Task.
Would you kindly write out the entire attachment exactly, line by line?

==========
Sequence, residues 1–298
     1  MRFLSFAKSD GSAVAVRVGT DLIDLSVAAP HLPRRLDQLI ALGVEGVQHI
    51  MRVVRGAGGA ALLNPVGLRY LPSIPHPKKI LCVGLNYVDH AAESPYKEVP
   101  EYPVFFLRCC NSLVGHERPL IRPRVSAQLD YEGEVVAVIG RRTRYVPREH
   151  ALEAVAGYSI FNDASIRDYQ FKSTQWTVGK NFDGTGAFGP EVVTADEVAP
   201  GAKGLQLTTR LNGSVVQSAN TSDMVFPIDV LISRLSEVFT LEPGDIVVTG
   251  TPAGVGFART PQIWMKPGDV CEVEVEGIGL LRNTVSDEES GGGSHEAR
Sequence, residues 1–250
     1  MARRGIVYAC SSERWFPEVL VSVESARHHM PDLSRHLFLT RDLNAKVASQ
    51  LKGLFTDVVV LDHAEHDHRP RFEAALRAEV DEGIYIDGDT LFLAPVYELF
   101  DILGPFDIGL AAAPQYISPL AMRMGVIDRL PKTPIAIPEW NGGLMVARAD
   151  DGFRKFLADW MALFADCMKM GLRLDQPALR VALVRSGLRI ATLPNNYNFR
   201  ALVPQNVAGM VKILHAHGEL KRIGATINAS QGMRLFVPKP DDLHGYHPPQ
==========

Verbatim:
Sequence, residues 1–298
     1  MRFLSFAKSD GSAVAVRVGT DLIDLSVAAP HLPRRLDQLI ALGVEGVQHI
    51  MRVVRGAGGA ALLNPVGLRY LPSIPHPKKI LCVGLNYVDH AAESPYKEVP
   101  EYPVFFLRCC NSLVGHERPL IRPRVSAQLD YEGEVVAVIG RRTRYVPREH
   151  ALEAVAGYSI FNDASIRDYQ FKSTQWTVGK NFDGTGAFGP EVVTADEVAP
   201  GAKGLQLTTR LNGSVVQSAN TSDMVFPIDV LISRLSEVFT LEPGDIVVTG
   251  TPAGVGFART PQIWMKPGDV CEVEVEGIGL LRNTVSDEES GGGSHEAR
Sequence, residues 1–250
     1  MARRGIVYAC SSERWFPEVL VSVESARHHM PDLSRHLFLT RDLNAKVASQ
    51  LKGLFTDVVV LDHAEHDHRP RFEAALRAEV DEGIYIDGDT LFLAPVYELF
   101  DILGPFDIGL AAAPQYISPL AMRMGVIDRL PKTPIAIPEW NGGLMVARAD
   151  DGFRKFLADW MALFADCMKM GLRLDQPALR VALVRSGLRI ATLPNNYNFR
   201  ALVPQNVAGM VKILHAHGEL KRIGATINAS QGMRLFVPKP DDLHGYHPPQ